There were a few talking points that emerged from this game, but none which will linger as long as the earnest discussions that Sunderland supporters have had with Our Friends from the North this week and which are clearly destined to last until the next opportunity arises for Sports Direct hoardings to be scattered to the four winds
The major one is how relatively easy it was for a Sunderland side missing three important players to overcome a Liverpool side that appeared to be at full strength apart from Daniel Agger. And straightforward it was. Our back four held them well, with Bellamy posing the only threat. O’Shea and Turner were strong and held the line well and I thought Wayne Bridge did well at full back.
The midfield was full of artisans – Gardner and Colback against Adam and Spearing and no doubt which pairing was the better here. Colback grew into the game and it was his run and ball that put Fraizer Campbell in for the goal, while Gardner looked very comfortable in his more forward role. Spearing was anonymous and looked a step away from a loan move to Preston, while Adam just ran around clattering into Sunderland players, for which he did not receive a yellow card and gave the appearance of being a one-season wonder.
On the flanks we had Larsson and McClean, who worked and worked and worked. I don’t think Larsson ever stops. He covers Bardsley, moves inside to tighten up the centre, gets forward with some lung bursting runs and speaks English far better than most people I know, including me.
McClean was effective at times and helped Bridge through the opening phase of the game. Compared with Adam and poor Jordan Henderson, he looked an absolute bargain.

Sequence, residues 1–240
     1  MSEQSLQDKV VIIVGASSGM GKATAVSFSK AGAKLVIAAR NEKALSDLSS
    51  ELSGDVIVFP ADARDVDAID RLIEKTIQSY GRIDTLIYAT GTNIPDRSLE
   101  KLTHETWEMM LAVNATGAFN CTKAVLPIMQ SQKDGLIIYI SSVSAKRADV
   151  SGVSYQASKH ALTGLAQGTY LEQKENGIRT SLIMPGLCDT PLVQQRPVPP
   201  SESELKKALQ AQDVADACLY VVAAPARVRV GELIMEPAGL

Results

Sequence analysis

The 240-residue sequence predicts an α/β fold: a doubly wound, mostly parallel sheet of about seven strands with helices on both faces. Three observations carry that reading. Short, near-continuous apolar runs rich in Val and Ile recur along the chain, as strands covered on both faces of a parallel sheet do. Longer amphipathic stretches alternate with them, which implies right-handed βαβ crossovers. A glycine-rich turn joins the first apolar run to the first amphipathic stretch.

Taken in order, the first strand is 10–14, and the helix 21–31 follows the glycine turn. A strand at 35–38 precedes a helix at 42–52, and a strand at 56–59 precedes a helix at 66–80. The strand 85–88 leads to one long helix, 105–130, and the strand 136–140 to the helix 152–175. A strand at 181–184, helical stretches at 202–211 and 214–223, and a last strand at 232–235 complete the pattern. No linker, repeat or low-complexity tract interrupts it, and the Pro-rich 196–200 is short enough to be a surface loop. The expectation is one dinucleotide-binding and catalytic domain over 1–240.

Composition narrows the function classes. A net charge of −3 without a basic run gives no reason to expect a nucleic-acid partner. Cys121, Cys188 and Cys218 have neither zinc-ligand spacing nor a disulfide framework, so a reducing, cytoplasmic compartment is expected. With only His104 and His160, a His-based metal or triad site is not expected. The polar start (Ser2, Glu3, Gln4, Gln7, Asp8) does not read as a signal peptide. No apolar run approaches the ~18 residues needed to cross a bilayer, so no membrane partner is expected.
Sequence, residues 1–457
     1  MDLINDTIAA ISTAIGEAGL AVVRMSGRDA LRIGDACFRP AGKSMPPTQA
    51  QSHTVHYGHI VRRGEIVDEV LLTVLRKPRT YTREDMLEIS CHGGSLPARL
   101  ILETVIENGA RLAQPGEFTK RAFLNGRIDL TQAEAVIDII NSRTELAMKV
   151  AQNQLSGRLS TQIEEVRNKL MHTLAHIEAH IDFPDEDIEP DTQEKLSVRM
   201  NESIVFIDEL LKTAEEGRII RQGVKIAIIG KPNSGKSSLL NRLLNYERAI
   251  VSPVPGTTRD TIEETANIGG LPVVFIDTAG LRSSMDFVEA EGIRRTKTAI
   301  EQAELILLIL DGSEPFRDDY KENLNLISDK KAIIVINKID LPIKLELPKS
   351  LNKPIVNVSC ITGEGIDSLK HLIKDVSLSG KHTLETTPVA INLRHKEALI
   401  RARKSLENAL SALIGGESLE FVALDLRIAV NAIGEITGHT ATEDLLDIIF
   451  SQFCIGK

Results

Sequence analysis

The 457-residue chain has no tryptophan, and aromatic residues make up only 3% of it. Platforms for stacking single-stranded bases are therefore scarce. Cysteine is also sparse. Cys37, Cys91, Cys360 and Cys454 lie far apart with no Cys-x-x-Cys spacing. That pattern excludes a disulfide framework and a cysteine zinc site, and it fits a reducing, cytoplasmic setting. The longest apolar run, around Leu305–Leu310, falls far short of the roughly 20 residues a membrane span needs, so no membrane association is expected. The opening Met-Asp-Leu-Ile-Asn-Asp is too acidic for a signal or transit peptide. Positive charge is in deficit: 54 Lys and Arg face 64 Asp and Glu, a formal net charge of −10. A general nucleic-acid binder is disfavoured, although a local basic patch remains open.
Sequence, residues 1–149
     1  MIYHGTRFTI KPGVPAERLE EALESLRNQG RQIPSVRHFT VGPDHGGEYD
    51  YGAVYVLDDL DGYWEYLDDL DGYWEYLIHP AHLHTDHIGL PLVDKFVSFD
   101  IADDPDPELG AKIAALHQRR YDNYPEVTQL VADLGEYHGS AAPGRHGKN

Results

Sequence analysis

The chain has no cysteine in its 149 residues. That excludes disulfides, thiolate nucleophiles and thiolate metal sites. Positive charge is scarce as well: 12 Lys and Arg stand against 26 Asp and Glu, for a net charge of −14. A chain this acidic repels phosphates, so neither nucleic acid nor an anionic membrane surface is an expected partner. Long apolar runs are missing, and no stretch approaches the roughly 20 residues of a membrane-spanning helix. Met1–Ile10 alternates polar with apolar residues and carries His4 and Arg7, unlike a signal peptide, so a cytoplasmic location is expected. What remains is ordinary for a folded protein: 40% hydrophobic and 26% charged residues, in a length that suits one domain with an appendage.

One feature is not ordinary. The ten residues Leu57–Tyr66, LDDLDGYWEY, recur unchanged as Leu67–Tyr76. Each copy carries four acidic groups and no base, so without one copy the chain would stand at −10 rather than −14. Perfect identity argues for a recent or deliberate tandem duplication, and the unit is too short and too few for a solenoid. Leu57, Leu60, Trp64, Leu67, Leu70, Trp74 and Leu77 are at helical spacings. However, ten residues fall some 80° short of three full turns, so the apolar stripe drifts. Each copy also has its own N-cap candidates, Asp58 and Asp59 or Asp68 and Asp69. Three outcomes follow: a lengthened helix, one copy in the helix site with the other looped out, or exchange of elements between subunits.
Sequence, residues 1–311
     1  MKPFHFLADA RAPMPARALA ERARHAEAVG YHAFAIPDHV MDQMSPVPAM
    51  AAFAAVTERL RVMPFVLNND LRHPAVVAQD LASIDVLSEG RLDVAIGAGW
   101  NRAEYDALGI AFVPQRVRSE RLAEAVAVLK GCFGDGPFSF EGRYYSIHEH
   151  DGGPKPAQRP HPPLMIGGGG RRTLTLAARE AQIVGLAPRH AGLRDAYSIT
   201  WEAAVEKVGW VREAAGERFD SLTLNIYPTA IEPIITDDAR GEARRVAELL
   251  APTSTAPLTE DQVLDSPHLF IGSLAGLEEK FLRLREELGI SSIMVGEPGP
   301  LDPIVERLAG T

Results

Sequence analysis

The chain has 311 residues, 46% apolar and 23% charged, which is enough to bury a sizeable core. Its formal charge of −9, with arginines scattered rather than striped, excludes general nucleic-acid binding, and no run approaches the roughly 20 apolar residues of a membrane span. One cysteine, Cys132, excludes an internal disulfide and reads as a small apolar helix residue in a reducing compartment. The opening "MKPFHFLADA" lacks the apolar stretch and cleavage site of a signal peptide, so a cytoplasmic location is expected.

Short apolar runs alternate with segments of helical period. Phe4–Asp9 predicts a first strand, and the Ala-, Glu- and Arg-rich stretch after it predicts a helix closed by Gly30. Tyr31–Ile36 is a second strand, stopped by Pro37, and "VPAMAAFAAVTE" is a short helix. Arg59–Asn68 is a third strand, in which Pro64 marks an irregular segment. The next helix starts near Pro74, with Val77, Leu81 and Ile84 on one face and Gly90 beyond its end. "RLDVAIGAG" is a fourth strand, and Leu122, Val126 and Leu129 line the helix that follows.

That we won was down to a togetherness that was evident in the goal. Colback won the ball, moved forward and gave a lovely short pass to Campbell. He turned the ponderous and occasionally brutal Skrtl (if you think I am being unfair, check his tackle on Bendtner near the end) and hit the post with a cracking shot. We had a smidgeon of luck when it hit Reina’s head, but Bendtner reacted far quicker than any Liverpool defender and rattled it in. No beach ball needed this time …
After that, they huffed and puffed, but did not create a single goal scoring opportunity. Andy Carroll, the poor man’s Kevin Kyle, arrived and did nothing, as did an increasingly overweight Stevie G. He ran around a lot and that’s being kind to him.
We, on the other hand, brought on David Vaughan, who played a vital part in the last 15 minutes by making a series of astute tackles and interceptions and carrying the ball away from our penalty area. A good player to have up your sleeve and used perfectly by O’Neill.
So, three valuable points that probably ensure our Premier League place for next season and take us to the dizzy heights of eighth with the possibility of kicking on from there. The squad is strong – we had Cattermole, Sessegnon, Richardson and Brown out, all regulars when fit – and we beat another team the media persist in calling top four contenders. We know we are not scintillating to watch (we’ll leave that to Athletic Bilbao), but the organisation and self-belief is such that we are able to compete effectively with sides who are, allegedly, better than us.
Hopefully, Bendtner’s injury will not be serious and he will be available for next week. Many thought that he had an excellent game, holding the ball up and bringing players into the game. Those that didn’t should take a long look at themselves. His absence next week would leave a big hole in the team.
We go to Everton buoyed by a solid if unspectacular win. I would happily settle for the same next week. Maybe ITV will be a little kinder than the Beeb.